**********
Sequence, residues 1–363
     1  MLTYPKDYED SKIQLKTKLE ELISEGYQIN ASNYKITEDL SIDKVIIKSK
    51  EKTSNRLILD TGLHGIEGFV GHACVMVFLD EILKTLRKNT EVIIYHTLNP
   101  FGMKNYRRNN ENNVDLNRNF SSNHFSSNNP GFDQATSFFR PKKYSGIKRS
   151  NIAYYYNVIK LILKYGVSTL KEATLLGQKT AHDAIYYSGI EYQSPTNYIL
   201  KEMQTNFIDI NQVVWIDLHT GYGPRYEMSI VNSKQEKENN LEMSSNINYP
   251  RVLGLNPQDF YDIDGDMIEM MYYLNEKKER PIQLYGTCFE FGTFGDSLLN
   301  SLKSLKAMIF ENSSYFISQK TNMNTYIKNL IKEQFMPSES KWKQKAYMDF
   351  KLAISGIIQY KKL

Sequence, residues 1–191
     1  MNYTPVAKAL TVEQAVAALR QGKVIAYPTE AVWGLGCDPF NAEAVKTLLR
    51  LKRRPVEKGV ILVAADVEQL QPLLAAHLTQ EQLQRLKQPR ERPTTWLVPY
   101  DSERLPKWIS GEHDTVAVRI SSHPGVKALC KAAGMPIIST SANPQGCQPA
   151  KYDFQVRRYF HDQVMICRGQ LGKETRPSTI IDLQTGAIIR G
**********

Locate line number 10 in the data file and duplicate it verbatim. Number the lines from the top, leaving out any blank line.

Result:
Sequence, residues 1–191